There will be a number of stops on his pilgrimage for St. John XXIII, whose remains arrived in the heart of Bergamo this afternoon at 3:30. The first stop was the prison in Via Gleno in remembrance of Pope John’s visit to detainees in Rome’s Regina Coeli prison. His remains will travel to the seminary and, at 9 pm, will be solemnly welcomed in the cathedral for a prayer vigil.

For a video of the morning ceremony that accompanied this story by Vatican Media, click here: https://www.vaticannews.va/it/chiesa/news/2018-05/pellegrinaggio-spoglie-papa-roncalli-bergamo.html#play

“IF THERE IS DOUBT ABOUT HOMOSEXUALITY, BETTER NOT TO ENTER THE SEMINARY”

“IF THERE IS DOUBT ABOUT HOMOSEXUALITY, BETTER NOT TO ENTER THE SEMINARY”

Following is my translation of an article that appeared yesterday in the online edition of the Italian daily, La Stampa, in its section called “Vatican Insider.” The piece is by Salvatore Cernuzio and is entitled, “If there is doubt about homosexuality, better not to enter the seminary.”

(A little footnote for history: In June 2011 when La Stampa wanted to inaugurate its new section about the Vatican, the papacy and Catholic Church, they wanted to name it “Vatican Insider.” However, we at EWTN had copyrighted that name with my weekend radio show “Vatican Insider,” and thus they had to ask us for permission to use that name.)

I took the time to translate this piece because I feel that what the Pope has said in the past about homosexuality, and what Church documents say, especiallyt vis-à-vis homosexuality and candidates to the priesthood, might calm the waters that have reached boiling temperatures over words allegedly spoken by Pope Francis to Juan Cruz, a victim of clerical sex abuse in Chile, when he was in Rome with two other victims as a guest of the Holy Father earlier this month. Cruz had quoted the Holy Father in a recent interview.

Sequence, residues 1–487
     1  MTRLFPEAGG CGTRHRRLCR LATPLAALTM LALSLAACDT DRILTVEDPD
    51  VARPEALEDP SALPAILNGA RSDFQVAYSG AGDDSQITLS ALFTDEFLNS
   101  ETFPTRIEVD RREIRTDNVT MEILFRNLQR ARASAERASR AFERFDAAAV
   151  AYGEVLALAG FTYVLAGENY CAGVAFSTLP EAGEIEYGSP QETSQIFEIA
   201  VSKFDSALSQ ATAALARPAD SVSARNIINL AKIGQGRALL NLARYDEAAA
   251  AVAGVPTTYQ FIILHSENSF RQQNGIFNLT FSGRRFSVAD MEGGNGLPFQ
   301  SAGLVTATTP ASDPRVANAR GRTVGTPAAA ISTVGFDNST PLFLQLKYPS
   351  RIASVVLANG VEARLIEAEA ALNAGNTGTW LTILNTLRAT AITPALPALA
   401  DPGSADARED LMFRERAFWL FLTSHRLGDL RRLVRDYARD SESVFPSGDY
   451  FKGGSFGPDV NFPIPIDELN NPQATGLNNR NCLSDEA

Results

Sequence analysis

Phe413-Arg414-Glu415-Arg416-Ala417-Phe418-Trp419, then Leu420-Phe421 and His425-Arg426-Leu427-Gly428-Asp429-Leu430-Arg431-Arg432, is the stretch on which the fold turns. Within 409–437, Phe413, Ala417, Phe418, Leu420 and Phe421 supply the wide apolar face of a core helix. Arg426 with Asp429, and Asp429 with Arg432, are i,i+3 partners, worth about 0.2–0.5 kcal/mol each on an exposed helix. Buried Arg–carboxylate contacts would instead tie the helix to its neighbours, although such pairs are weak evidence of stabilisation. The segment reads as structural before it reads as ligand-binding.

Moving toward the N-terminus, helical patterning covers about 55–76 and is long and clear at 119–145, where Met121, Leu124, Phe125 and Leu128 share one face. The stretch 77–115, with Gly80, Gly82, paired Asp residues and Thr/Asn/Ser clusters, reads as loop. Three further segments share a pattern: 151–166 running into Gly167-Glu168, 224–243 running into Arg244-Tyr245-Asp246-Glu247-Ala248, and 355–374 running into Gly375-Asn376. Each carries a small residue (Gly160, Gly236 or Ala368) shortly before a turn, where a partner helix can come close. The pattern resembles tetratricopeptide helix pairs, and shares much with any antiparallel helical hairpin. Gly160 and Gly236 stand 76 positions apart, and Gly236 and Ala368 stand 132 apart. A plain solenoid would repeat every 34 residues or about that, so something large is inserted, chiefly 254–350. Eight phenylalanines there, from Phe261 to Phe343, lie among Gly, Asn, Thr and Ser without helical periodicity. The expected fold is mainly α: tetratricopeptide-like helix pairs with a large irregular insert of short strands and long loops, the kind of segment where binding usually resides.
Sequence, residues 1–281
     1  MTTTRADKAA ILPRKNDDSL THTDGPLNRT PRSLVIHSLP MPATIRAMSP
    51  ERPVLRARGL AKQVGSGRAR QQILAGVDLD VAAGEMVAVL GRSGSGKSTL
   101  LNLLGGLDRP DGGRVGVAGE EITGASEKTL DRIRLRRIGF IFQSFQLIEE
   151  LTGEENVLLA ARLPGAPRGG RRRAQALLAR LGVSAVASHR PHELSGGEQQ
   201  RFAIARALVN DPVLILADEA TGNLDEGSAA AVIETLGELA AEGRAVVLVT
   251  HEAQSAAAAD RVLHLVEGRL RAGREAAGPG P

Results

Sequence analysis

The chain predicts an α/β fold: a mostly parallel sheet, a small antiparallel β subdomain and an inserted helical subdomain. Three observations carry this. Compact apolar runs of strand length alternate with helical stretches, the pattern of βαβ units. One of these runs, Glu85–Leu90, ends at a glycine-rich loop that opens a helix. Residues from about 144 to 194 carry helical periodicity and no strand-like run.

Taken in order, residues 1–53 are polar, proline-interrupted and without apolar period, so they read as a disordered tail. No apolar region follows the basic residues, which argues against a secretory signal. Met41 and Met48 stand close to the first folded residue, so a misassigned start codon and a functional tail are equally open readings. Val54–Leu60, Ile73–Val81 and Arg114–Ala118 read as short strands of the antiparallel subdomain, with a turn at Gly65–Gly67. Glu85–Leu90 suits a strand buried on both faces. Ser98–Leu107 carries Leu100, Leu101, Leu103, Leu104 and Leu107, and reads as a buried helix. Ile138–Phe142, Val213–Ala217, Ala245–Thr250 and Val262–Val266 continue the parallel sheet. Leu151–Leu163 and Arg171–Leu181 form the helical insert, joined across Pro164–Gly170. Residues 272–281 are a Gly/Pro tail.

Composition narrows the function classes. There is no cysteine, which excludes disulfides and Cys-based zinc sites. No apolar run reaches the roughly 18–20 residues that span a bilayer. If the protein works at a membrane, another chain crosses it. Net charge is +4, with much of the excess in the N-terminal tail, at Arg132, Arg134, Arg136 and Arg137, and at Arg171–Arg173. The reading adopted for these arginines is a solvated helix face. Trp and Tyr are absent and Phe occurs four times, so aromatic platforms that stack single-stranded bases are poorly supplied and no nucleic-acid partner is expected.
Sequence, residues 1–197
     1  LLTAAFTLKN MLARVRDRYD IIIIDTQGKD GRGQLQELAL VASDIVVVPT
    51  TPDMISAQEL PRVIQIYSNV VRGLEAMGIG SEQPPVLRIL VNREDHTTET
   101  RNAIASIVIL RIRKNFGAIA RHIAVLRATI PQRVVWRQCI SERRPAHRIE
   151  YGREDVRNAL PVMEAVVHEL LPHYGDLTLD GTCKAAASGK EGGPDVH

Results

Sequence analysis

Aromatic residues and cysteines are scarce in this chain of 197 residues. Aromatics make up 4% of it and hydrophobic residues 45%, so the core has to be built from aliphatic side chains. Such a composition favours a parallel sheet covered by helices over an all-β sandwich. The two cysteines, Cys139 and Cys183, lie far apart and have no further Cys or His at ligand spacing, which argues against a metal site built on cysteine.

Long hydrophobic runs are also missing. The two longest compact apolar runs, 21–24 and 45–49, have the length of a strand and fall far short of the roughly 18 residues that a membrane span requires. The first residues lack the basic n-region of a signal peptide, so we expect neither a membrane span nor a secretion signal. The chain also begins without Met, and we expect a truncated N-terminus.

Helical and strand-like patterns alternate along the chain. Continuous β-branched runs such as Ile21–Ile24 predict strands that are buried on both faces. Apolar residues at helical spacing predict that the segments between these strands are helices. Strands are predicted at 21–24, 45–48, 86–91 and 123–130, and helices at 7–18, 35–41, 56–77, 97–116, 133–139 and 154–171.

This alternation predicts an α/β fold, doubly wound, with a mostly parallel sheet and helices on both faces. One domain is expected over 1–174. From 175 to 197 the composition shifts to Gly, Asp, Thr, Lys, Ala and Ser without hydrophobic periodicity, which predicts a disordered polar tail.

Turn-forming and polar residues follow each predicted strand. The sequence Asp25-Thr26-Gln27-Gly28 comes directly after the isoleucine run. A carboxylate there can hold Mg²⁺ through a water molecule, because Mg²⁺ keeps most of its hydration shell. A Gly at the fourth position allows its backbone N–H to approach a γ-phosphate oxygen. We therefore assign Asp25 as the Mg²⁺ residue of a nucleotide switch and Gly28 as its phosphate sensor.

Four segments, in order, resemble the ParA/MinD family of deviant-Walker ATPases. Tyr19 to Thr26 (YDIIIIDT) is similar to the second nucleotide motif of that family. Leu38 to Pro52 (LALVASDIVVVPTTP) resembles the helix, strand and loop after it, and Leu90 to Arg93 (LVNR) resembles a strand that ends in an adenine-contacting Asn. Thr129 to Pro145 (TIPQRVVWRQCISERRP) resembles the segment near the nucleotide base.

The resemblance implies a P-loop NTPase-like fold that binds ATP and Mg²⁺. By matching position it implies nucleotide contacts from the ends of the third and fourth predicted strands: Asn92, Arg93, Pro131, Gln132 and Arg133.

Neither Pope Francis nor the Holy See Press Office has confirmed or denied the words the pontiff allegedly said to Cruz.

Re: the Vatican Insider article: Pope Francis’ opening remarks to the CEI, the Italian Episcopal Conference, as it met Monday in the Vatican, have been reported in several languages. Following his opening remarks in which he spoke of three areas of “concern” for the Church in Italy, there was a give and take, a question and answer session. The author of this piece does not explicitly say so but I am surmising that what he writes (he says at one point “Vatican Insider has learned”) occurred during the Q&A session as these words are not in the formal papal address.

Here is my translation:

On Monday, May 21 Pope Francis spoke to the bishops of the CEI, the Italian Episcopal Conference, during a three-hour session of their 71st General assembly. Pope Francis faced the delicate theme of admission of homosexual young men into seminaries.

Pope Bergoglio expressed his opinion on the question, in fact repeating what he affirmed several years ago, though in a manner more implicit. “An eye on seminary admissions, open eyes,” is what he told the Congregation for Clergy.

Vatican Insider has learned that, with the Italian bishops Francis, speaking of the decline in vocations – one of his “three preoccupations for the Italian Church,” was clearer on this and he invited the prelates to take care of the quality of future priests over quantity. He explicitly mentioned the cases of homosexual persons who wish for various reasons to enter the seminary and he therefore invited the bishops to an attentive discernment, adding “If there is doubt about homosexuality, better not to enter the seminary.”

This indication by the pope expresses his great concern: these tendencies, when they are “deeply rooted” and the practice of “homosexual acts” can compromise the life of the seminary, in addition to that of the young man and his eventual future priesthood. And these acts can generate those “scandals” about which the pope spoke in his speech opening the CEI general assembly in the New Synod Hall, saying these acts disfigure the face of the church